The collaborative research project ‘A Big Data History of Music’ draws on a disparate array of music catalogues created over nearly two centuries. During that time, many different cataloguing rules have existed; national and international standards have developed for cataloguing printed materials, and, in many countries, separate protocols established for the documentation of manuscripts and archival collections. In recent years, developments from outside the library world – for instance in linked data – have also had a bearing on the way printed and manuscript music is documented.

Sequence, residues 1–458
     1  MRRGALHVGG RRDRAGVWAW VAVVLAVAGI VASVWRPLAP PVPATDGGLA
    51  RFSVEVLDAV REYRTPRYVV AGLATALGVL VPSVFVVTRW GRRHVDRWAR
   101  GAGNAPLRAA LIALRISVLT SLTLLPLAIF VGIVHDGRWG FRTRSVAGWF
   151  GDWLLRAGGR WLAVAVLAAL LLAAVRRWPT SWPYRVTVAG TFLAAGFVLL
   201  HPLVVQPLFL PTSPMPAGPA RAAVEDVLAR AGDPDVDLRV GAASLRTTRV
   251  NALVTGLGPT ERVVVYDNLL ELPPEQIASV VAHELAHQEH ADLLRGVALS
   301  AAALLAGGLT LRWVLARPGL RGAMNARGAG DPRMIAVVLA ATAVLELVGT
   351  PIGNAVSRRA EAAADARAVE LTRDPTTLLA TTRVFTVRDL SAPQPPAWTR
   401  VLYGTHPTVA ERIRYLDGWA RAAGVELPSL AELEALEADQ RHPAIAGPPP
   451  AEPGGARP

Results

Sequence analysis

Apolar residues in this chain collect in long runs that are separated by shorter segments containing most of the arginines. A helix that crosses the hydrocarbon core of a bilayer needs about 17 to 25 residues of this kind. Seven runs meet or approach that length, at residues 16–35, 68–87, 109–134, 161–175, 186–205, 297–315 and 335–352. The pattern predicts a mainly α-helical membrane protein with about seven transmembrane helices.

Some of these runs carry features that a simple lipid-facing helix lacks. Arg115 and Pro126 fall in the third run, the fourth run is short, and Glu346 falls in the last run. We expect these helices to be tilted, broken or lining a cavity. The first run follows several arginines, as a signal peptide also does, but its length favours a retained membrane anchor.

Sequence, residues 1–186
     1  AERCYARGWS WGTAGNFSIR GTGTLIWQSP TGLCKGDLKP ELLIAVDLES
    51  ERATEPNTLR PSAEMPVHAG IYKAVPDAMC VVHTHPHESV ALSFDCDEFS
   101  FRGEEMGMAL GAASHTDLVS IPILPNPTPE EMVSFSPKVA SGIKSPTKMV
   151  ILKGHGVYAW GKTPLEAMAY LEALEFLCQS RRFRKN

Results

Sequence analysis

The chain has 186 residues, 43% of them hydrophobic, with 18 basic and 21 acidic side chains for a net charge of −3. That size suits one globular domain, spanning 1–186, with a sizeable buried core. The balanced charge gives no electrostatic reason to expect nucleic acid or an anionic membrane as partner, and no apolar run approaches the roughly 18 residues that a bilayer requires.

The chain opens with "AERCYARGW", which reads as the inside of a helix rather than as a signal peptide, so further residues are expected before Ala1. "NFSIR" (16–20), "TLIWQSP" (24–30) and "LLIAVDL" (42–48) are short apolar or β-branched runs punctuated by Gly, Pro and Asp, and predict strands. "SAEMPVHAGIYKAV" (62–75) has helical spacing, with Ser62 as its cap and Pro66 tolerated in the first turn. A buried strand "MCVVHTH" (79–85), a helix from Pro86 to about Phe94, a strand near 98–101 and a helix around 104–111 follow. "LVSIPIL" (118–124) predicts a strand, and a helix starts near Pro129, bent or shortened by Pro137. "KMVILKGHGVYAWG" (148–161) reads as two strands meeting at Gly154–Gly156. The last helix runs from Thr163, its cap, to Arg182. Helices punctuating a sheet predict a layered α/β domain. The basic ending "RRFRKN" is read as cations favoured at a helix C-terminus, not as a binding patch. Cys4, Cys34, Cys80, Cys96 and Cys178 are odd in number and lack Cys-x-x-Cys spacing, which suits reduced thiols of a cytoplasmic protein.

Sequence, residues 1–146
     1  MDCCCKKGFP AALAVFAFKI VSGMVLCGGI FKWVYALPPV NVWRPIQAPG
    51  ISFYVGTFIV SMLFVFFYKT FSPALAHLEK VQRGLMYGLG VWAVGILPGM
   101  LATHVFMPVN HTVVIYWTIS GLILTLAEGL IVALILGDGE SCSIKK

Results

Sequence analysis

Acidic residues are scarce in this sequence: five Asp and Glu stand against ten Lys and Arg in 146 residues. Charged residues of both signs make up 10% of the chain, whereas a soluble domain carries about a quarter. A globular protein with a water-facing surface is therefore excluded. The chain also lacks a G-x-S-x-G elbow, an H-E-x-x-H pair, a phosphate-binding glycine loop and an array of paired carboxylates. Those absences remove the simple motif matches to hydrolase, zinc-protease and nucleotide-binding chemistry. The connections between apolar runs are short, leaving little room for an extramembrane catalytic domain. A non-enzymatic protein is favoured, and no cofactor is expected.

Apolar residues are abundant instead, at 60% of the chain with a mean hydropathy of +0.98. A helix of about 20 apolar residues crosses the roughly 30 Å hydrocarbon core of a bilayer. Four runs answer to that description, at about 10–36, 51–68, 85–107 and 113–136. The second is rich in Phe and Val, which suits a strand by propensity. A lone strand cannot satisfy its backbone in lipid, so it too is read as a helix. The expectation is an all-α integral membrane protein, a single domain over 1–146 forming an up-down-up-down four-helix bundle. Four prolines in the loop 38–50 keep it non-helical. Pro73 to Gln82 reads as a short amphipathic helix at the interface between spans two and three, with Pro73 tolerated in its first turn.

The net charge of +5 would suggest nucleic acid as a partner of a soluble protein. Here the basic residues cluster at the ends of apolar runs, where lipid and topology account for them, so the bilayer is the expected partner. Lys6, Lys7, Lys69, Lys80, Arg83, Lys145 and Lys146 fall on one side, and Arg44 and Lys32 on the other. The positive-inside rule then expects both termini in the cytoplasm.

In order for meaningful results to be drawn from the combined dataset by the researchers working on ‘A Big Data History of Music’, a degree of harmonisation between the different data sources has been required. In this paper some of the difficulties of working with such disparate data sources are explored. Data from the British Library’s catalogue of printed music is being enhanced and an online version of an older printed catalogue of music manuscripts created using Optical Character Recognition. In some instances, it has been possible to find automated solutions to the problems; in others, music specialists have been called upon to enhance the data and create new access points.
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